And this is all anchored by Chapter 7 Security Council Resolution 2170 that was passed right before the NATO summit, which basically discussed the need for all member-states around the entire world to cut down on foreign fighter flows, to restrict the financing of extremist groups like ISIL and associated movements, and also to stop the incitement and legitimization that these groups tend to get.

And this will flow in, of course, to the historic Security Council meeting we’re having tomorrow. And I’m using the word “historic” because I really think if you look at what’s happened over the last six weeks, it truly is historic, which gets to what happened last night and today. I know when we were on the road with a lot of you last week, there was some skepticism of what the coalition was about. We tried to emphasize that this was not only a military coalition; the military piece is only one part of it, but there is a military component. The support I know was described in some articles as tepid. Obviously, we couldn’t talk about everything that was going on behind the scenes, but behind the scenes we are very actively building a military coalition in order to target ISIL and some of the associated groups in a very effective and fairly comprehensive way with the target packages, and now everybody can see what happened last night.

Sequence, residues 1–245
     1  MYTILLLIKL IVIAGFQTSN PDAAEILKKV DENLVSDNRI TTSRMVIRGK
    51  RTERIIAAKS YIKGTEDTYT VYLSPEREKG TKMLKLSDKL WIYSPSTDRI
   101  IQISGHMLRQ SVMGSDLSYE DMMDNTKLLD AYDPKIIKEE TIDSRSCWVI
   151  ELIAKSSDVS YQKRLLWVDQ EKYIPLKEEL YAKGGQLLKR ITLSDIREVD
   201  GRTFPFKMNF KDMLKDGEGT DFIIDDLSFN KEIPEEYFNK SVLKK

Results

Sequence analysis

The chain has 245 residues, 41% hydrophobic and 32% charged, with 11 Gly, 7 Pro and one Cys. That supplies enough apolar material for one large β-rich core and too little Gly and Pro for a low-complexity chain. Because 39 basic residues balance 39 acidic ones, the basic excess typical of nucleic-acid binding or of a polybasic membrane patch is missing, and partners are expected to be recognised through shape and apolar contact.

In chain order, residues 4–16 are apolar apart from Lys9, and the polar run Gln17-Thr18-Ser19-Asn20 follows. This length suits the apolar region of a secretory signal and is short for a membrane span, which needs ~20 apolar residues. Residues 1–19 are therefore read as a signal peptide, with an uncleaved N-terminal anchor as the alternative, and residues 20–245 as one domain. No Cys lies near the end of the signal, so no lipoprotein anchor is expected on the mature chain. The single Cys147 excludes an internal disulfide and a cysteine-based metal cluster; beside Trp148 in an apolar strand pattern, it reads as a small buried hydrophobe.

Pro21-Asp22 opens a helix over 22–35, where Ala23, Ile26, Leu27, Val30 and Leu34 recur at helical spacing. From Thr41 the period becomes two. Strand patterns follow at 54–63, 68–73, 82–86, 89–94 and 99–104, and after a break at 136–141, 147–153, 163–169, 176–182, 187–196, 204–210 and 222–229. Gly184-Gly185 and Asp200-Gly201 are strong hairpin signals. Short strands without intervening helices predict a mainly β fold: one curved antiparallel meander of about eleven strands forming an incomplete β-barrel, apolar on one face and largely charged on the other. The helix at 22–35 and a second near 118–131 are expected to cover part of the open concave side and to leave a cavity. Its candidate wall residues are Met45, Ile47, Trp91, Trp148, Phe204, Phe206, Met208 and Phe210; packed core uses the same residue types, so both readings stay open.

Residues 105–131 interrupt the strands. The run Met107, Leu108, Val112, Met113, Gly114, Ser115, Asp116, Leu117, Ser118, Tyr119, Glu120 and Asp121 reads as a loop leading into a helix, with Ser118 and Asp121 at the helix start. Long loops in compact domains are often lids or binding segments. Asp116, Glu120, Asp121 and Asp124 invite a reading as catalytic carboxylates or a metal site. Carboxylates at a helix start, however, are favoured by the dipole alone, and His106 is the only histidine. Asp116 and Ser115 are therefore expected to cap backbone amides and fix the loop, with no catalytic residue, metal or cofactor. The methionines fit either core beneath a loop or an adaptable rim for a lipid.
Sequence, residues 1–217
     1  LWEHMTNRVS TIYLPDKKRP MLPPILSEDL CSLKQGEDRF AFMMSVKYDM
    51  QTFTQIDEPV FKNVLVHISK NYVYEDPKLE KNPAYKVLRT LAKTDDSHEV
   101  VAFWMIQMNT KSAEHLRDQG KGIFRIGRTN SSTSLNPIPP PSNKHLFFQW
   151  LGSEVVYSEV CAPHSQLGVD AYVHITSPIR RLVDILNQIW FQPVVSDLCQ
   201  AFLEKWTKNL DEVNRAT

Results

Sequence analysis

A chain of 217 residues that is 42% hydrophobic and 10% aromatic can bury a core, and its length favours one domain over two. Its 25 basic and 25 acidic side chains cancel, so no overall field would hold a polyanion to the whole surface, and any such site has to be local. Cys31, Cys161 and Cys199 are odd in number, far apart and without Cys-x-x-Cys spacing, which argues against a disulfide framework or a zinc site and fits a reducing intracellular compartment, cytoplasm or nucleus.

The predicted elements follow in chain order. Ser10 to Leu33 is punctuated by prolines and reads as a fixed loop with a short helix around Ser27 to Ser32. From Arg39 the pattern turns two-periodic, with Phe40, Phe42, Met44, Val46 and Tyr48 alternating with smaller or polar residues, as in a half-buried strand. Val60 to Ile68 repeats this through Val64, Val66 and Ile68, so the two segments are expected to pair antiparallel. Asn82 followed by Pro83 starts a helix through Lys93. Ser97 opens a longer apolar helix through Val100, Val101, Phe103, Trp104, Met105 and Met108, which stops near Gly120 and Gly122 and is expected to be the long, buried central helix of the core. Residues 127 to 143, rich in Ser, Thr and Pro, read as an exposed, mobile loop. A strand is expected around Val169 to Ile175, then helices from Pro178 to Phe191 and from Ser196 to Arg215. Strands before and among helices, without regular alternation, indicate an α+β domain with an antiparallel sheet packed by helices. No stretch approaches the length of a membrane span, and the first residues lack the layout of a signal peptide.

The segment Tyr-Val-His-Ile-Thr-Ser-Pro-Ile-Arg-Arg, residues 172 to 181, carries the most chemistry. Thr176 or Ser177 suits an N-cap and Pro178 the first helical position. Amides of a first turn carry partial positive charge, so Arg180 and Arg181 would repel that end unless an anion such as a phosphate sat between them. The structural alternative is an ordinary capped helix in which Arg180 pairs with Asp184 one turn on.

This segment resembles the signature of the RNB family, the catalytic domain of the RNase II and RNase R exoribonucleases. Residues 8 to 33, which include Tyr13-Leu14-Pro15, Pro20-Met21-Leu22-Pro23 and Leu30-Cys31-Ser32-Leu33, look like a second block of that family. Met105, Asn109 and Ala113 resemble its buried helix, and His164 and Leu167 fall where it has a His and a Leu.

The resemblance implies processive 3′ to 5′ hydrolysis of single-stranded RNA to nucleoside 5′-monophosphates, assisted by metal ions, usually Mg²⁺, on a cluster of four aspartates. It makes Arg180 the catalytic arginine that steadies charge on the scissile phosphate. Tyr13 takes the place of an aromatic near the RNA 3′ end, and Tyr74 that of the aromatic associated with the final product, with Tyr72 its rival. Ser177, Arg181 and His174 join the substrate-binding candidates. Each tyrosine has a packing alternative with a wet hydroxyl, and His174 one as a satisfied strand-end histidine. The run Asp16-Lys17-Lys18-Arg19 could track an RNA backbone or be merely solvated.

So that then led into today. And today we had – the meeting I can talk about was President Obama and Secretary Kerry with the new prime minister of Iraq, Prime Minister Abadi, and with the countries from the region who were involved in the operation last night, so UAE, Saudi Arabia, Bahrain, Jordan, Qatar – all around the table discussing the common threat of ISIL. And I think I would just say the President was very clear in terms of actually laying out where we are, talking about the fact that this is a threat that unifies everybody. And everybody’s head around the table was nodding at the fact that this is a threat that unifies everybody. Everybody around the table agreed that there are times in the world where you need to make a stand, and this is a time in which the world needs to come together and make a stand, but particularly the region needs to come together and make a stand, because this is a threat that is most prominently affecting our partners in the region.